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    Ragweed Allergy Options for Children: Ease the Sneeze

    Majed Koleilat, MD Allergy and Immunology, Deaconess Clinic 01/18/2016
    Ragweed is a pervasive flowering plant that is nearly inescapable and the cause of allergies worldwide.  Allergens and ragweed specifically can be especially dangerous for children.  Allergic symptoms can manifest differently in children, and since children spend more time outside, they are therefore subject to more ragweed exposure. 

    Common symptoms of ragweed allergies in children are itchy eyes, swollen eyes, runny or stuff nose, throat irritation and hives.  More severe cases may present as asthma symptoms like wheezing, coughing and difficulty breathing. 

    Ragweed allergies are typically diagnosed with skin and/or blood testing.  Treatment options for children are somewhat more difficult because complications are more likely to arise and compliance can be low.  However, help is available. 

    Anti-histamines – Most are available over-the-counter but require daily administration and may cause drowsiness.  This route does not directly address the cause of allergy but rather manages the process of the allergic response.  Anti-histamines are most effective when started before ragweed season begins.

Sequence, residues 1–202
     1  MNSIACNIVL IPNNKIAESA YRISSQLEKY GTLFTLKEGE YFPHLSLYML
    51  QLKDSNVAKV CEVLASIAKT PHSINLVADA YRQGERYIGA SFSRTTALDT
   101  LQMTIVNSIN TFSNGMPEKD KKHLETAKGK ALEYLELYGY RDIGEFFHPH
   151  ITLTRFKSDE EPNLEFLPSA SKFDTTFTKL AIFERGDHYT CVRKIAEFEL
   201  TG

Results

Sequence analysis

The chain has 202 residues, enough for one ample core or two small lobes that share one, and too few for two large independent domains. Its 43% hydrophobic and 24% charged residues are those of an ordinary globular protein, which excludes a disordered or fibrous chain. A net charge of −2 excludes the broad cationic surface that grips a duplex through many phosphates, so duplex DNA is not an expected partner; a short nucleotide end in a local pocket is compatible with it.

Decongestants - As an “as needed” medication, decongestants do not directly address the ragweed allergy but provide temporary relief.  They are available as liquids, pills or nasal sprays.  Decongestants may cause hyperactivity in children.  Nasal decongestant sprays may lead to dependency and increased need for the nose spray (especially oxymetazoline).

    Corticosteroids – Available as nasal sprays, corticosteroids reduce nasal/sinus inflammation and provide ragweed symptom relief.  Corticosteroid sprays have a “building” effect and need to be administered consistently before children feel symptom alleviation. 

    Subcutaneous Immunotherapy – Long considered the “gold standard” for allergy treatment, allergy shots have historically been the only treatment available to mitigate the allergic response by changing/modifying the disease process as opposed to simple symptom treatment.  Allergy shots are quite effective but there are several major drawbacks.  Injections are administered in a physician’s office and the child must remain in the office for 30 minutes post-injection to be monitored for significant reactions.  Additionally, it can take up to a year for a child to feel symptomatic relief.
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